Autumn in Canada usually brings good excuses to stay at home and watch old movies. The trees bear of leafs and the usual gray skies allow procrastination. Although this year the weather has been unusually balmy -- we are expecting a high of 15c today.
Canadian economic news is slow, not much going on. The one item of interest it seems that Mark Carney is a shoe-in as the new head of the FSB (the guys who decided on the banking capital). The Canadian banking system (which was laughed at during the early part of the past decade), proved that Too Big to Fail can work -- if well regulated. Canada has six banks that account for 95% of all deposits, effectively control the banking system. Yet all theses banks are profitable (less so this day -- still) and risk averse. There is no concept of Level 3 assets, and Canadian banks have no equivalent to the FASB157 (where banks can dictate the value of their assets). So that was the big news, confirmation, that Carney was now in line to take over the shaping of the world's largest bank's risk capital.
Aside from that the world is in "Melt-up" mode. Some good stats out of China (why does anyone trust Chinese statistics is beyond me) have helped and the absence of news out of Europe -- it will take until Wednesday for the EU's leader to decide what they're going to do with Greece, Spain, Portugal, Ireland, and Italy... As the FT alluded to this weekend -- the problem now is that the EU seems close to finally addressing the problem, investors will soon realize what this really means. Confidential documents are showing that Greek 2010 and 2011 GDP growth was/will be -5.5% and -3.5% respectively. There is hope for some minimal growth between now and 2030 (yeah not a typo..) but if you are Greek, you get out now -- there is no future in that country. The Irish, used to periodically leaving their homeland over the centuries, will restart their emigration...not a surprising outcome, the best and brightest will get out of town.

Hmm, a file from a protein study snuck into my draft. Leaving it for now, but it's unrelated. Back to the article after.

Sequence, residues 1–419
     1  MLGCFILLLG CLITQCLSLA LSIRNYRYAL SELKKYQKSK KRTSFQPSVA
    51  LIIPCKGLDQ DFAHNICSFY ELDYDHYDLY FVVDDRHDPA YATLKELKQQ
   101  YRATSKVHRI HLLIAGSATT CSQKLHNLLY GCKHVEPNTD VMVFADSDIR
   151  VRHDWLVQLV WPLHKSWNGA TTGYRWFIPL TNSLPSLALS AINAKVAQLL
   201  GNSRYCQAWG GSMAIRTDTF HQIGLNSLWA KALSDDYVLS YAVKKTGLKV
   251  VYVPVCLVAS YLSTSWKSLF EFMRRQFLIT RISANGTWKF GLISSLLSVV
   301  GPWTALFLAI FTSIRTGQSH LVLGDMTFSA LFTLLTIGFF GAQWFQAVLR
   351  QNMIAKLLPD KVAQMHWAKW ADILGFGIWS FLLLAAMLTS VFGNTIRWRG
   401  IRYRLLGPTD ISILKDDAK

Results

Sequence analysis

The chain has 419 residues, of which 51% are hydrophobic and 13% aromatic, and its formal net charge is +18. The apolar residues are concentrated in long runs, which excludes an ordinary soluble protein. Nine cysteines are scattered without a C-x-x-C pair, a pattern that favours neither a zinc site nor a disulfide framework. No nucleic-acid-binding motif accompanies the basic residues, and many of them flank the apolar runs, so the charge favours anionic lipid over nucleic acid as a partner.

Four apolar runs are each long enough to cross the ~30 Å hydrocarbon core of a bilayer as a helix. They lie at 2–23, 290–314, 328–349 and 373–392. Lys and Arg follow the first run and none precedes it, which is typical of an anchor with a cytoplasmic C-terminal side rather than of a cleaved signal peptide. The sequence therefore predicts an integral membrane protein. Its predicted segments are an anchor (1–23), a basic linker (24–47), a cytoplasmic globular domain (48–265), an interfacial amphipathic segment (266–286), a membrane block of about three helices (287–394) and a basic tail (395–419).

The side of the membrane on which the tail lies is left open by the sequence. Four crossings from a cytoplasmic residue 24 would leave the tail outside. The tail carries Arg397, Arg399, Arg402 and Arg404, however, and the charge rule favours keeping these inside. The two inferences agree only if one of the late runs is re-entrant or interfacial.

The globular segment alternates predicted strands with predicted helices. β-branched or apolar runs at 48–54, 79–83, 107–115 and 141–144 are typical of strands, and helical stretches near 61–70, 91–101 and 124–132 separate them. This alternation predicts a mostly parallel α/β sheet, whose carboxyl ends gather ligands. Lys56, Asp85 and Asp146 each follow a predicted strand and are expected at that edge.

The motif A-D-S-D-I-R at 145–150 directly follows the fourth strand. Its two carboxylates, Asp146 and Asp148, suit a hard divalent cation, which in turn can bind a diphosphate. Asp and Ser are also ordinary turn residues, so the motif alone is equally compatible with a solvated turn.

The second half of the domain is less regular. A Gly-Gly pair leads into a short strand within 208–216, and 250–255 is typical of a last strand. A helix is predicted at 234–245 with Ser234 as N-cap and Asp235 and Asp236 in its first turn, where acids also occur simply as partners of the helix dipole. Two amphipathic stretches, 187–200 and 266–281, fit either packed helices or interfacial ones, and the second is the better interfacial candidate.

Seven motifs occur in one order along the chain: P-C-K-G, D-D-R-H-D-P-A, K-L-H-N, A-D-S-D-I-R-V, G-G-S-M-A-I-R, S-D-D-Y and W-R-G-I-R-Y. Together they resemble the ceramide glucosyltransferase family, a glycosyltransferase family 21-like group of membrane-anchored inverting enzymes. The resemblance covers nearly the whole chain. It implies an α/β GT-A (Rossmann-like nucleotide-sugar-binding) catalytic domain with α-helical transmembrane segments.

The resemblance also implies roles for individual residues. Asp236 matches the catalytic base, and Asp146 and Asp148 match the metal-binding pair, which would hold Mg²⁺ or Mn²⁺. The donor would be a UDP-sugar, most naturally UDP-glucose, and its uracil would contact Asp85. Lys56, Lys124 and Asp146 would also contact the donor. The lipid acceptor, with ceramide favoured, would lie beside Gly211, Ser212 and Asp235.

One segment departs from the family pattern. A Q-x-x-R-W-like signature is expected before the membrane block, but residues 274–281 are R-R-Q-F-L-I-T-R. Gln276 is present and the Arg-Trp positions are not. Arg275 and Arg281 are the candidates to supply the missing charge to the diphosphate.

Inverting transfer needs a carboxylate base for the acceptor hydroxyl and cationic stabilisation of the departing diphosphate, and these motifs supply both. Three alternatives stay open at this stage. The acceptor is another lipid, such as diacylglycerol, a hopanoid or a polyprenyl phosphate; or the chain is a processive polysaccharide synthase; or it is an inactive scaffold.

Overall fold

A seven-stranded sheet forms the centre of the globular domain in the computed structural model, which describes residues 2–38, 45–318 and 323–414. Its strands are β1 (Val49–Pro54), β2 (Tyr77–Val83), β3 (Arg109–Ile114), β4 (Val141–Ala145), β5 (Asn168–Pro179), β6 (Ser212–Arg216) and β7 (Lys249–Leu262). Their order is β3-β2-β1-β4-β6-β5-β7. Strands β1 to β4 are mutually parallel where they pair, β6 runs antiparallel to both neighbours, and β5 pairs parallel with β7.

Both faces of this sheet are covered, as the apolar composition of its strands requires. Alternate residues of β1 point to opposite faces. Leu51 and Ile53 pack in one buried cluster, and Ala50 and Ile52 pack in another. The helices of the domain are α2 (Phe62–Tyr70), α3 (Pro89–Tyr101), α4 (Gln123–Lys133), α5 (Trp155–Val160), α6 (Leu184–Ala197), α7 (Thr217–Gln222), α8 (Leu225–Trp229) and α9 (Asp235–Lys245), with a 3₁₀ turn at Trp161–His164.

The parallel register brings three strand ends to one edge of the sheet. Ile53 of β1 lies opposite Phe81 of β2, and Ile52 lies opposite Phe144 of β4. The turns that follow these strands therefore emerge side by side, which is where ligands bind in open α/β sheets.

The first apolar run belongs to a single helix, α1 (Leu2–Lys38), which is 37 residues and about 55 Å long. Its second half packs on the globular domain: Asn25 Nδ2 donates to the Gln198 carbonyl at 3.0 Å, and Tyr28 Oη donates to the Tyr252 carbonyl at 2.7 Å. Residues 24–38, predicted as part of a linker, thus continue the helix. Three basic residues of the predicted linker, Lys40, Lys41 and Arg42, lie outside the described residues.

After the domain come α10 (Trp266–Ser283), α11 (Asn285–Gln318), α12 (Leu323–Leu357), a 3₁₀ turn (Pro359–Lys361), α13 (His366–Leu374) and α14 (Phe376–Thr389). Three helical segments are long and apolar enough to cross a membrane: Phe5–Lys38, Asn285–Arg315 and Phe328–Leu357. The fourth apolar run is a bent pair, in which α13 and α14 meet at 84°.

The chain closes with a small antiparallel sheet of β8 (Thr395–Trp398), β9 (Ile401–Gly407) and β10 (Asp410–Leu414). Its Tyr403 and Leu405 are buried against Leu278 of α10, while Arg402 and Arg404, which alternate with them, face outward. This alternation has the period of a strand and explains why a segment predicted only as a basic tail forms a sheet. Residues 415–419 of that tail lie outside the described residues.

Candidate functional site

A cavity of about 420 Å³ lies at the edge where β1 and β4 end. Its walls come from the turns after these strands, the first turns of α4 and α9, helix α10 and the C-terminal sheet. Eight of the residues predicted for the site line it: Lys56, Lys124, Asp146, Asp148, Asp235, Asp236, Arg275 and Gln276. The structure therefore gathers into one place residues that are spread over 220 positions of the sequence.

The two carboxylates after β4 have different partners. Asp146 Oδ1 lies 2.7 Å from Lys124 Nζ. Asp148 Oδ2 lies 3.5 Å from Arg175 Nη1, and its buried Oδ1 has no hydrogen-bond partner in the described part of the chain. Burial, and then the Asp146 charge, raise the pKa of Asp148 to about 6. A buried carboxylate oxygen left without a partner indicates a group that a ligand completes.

The economic news flow peaks on Wednesday with the release of the National Bank Teranet House Price Index -- another increase in Canadian house prices seems to be baked in the cake (at any rate if you look at the other Canadian house price indexes!). Aside from that not much of interest, the one remarkable aspect of the weekend is how little was discussed about the situation in Europe and what will emerge there, the FT had a commentary that the leveraging of the EFTF was a very bad idea, but that's about it.
As I said last week, plan for the market to melt up a bit more, rumors of QE3 are emerging, but it could be just that since QE1 and QE2 proved to be short live success (if we can call them that). One thing for sure the US government is monetizing the debt right now with the rise in money supply.
Good week ahead